I gave a brief, impromptu lecture this past weekend on avoiding the “nots” when discussing your writing. This took place at a Read & Critique. For those who may not be familiar, a Read & Critique is an on-the-spot evaluation of the opening of a novel or nonfiction work. The critiquers—three of us this time—do a blind read of a half page synopsis and 2-page opening of a work. The writers in the session listen while the critiquers offer their gut responses to these openings. Continue reading “What’s not to like about not?”
What is a Writers Conference?
A Writers Conference is a professional gathering of people involved in the publishing industry. Attendees run the range from writers, illustrators, editors, agents, publishers and techie people.
A year ago, in preparation for the Pennwriters conference, I did a post called Conferences–What to Bring, What to Leave Behind. That was a cheerleadery post meant to encourage writers not to be shy or commit faux pas. The advice remains relevant and true, as cheerleading is one of my specialties.
Today’s post will focus specifically on three conference-related opportunities: Pitches, Read & Critiques, and The Bar.
1 ~ How to Prepare for a Pitch:
A pitch is a short private session between a writer and an assigned editor or agent. A pitch is the author’s chance to sell his story. That’s the official version, the one that will make you crazy, keep you up at night, and make your palms sweat like it’s your first date/arrest/ prostate exam/time in the confessional. If you set the weight of your writing world on five minutes with another human being you believe holds the key to the universe, you’re going to be stressed out. I got stressed out just writing that sentence.
So look at it this way: A pitch is a conversation. You’re going to meet with someone and talk about your story. You love your story, right? You are thrilled to find someone who’ll listen to you discuss your story, right? Take that into your pitch. It’s a conversation.
If you are still nervous about what to talk about in your conversation, consider these three questions:
What are you writing? Why are you writing this story? Who do you think would buy this book?
Think about honest answers to these questions and prepare to chat about them for a few minutes. That’s all you have to do.
If it comforts you to have a memorized log line for your story, try this formula:
Name of story is a word count + genre about a main character who must Story Question before consequences if Story Question is not solved.
2 ~ How to Prepare for a Read & Critique
A Read & Critique is (usually) a round robin type session where a short piece of work is read aloud and verbally critiqued on the spot. Sometimes the feedback comes only from the editor/agent/combo assigned to the sessions. Sometimes other writers in the group chime in.
The best way to prepare for an R&Q session is, first, understand the critiquer is working with no advance look at your work and no time to be diplomatic in response. As a veteran of R&Q, I can tell you it’s difficult to process on the spot, especially work that is delivered orally when you’re accustomed to writing on the page. It feels very Johnny-on-the-spot. Cut the critiquers some slack if a nuance or two is missed.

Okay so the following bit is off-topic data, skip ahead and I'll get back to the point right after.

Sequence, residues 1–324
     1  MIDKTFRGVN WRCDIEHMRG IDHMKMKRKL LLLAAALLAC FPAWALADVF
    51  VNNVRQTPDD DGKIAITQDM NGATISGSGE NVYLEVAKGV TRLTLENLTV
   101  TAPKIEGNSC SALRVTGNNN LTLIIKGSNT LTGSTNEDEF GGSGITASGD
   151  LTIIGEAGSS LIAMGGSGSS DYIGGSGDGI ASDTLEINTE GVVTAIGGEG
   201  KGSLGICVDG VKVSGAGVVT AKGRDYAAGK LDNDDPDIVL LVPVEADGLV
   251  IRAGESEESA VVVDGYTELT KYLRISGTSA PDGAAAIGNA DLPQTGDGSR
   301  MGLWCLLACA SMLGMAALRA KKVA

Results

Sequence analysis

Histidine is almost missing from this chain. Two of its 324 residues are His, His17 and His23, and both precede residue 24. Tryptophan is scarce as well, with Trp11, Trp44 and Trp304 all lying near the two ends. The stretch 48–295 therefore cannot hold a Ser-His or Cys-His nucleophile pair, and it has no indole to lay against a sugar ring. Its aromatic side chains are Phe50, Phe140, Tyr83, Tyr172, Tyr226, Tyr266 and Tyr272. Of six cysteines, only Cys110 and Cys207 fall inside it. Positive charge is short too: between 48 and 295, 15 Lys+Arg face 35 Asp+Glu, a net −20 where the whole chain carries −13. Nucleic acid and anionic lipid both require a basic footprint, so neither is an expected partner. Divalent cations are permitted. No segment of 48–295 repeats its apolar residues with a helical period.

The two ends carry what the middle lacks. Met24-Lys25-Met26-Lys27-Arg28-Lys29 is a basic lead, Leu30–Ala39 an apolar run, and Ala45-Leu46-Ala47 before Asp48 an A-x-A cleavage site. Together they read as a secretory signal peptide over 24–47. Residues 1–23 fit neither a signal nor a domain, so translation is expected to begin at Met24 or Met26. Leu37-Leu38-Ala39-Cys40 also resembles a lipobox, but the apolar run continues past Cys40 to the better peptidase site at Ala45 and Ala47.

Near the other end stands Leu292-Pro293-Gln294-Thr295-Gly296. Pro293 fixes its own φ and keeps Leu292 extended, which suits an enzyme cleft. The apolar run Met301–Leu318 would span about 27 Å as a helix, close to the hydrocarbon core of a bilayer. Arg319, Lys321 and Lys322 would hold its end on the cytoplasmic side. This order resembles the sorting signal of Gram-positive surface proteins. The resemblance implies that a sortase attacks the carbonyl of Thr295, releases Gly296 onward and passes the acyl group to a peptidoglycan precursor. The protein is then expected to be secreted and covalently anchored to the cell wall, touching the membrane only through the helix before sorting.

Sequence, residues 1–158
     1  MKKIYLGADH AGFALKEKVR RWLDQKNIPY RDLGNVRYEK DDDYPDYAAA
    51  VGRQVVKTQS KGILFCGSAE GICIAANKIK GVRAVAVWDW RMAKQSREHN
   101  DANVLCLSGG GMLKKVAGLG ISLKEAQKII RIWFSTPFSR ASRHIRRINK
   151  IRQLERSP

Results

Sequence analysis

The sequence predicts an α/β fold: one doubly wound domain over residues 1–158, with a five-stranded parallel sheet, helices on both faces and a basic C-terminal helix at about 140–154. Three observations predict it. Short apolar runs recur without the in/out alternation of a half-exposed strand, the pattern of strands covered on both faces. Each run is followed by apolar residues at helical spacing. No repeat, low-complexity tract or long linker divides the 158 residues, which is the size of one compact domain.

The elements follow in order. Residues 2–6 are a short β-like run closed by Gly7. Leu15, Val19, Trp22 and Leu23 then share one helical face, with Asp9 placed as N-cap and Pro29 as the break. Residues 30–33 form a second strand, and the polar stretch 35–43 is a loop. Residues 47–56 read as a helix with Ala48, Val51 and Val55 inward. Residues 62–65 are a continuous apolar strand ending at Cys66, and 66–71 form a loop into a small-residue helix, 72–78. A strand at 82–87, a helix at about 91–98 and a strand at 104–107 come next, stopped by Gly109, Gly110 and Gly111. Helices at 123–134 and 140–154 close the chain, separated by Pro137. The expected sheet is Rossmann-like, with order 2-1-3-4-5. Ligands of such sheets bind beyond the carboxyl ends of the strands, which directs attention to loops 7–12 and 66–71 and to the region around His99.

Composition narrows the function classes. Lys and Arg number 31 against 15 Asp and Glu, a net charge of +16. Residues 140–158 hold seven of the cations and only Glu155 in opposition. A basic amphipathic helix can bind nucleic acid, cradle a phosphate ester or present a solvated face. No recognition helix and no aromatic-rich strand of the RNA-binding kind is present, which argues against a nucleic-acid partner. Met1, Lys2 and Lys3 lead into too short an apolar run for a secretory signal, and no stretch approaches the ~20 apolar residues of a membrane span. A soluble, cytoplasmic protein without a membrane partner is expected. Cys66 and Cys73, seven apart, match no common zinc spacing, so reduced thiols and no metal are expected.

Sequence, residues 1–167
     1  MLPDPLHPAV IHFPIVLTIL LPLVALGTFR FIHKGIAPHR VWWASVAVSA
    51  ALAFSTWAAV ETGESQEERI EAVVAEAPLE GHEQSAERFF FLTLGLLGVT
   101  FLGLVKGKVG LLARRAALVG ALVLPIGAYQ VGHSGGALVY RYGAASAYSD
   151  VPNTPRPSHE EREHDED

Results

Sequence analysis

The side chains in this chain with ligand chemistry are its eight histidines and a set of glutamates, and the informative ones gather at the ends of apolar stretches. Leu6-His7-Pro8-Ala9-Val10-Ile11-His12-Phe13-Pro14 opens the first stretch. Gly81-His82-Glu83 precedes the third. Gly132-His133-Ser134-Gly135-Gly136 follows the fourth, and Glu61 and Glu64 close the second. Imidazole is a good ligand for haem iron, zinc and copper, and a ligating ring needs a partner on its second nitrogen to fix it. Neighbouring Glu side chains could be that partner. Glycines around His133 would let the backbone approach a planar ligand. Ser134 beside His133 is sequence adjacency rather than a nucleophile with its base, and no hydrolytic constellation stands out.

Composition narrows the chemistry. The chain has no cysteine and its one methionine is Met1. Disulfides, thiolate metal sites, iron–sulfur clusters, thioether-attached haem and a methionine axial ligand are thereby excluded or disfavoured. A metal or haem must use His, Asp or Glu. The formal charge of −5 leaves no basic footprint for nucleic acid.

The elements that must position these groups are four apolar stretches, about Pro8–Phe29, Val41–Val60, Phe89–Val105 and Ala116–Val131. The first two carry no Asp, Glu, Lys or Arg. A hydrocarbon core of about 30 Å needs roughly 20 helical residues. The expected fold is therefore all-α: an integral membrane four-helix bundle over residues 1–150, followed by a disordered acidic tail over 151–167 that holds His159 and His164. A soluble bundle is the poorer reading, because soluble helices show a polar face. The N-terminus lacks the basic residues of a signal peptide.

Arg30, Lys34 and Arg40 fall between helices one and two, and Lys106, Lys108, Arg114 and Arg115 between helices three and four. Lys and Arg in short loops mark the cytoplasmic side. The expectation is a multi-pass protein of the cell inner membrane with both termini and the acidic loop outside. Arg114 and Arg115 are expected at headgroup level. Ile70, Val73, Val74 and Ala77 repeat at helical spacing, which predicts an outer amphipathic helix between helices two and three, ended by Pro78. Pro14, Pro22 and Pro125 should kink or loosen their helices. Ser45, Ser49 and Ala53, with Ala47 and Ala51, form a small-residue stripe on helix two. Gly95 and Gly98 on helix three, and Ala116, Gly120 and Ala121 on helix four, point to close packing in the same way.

Second, understand that feedback is subjective–but it’s intended to be an aid and make your work stronger. This translates to Don’t Argue. Don’t Argue doesn’t mean you have to agree with every comment, but defending your work defeats the purpose. Allowing for individual reading levels and styles, if you have to explain what’s on the page to every person in the group, it means what’s on the page isn’t explaining itself.
Third, to prepare for an R&Q session, follow the guidelines. If you are to turn in two pages, don’t turn in one, or three. Read it aloud yourself. If it sounds boring or convoluted to you, the author, guess what? It will sound dull or confusing to the critiquer. Select an opening or vivid scene that best reflects your work and that works in an oral setting. Don’t choose a piece from the middle of a story that includes a lot of pronouns–how can the critiquer know who “he” or “she” is if we haven’t yet met the characters?
Many R&Q sessions are done anonymously. If you have a positive reaction from the agent/editor, by all means seek out that person with a followup email after the conference, to express your appreciation for the helpful comments. Even if that person doesn’t accept work in your genre and you don’t see yourself working with them, it’s good to hear from this end that the session did some good. Likewise, if you have a constructive criticism about the session, I would listen to it–in an email after the conference, not button holed in the bathroom or while I’m attempting to enjoy my down time. Which leads me to….
3 ~ How to Work the Conference Bar
The Bar may not be the bar-bar, it may be the Hospitality Room, the meet-n-greet area, the foyer, or the actual bar. It’s the place where attendees gather between or after workshops.
Making contacts with editors, agents and publishers at a conference is fabulous. But on a day-to-day, practical level, it’s the contacts with your colleagues and fellow writers that will serve you best. Publishing is a small little world. We are like-minded individuals with similar goals and interests, even if we cross genres. The bar is the place to make friends. Contacts and networking aside, ask people who are repeat attendees at a conference and I’ll bet the majority will offer this as the primary reason for attending year after year: To see writer friends.
Sidle up to the bar, the bench, the pool or pull up a piece of carpet wherever your colleagues are gathering and jump in. Make some writer friends.
Tomorrow’s Topic: How to Stop Stalling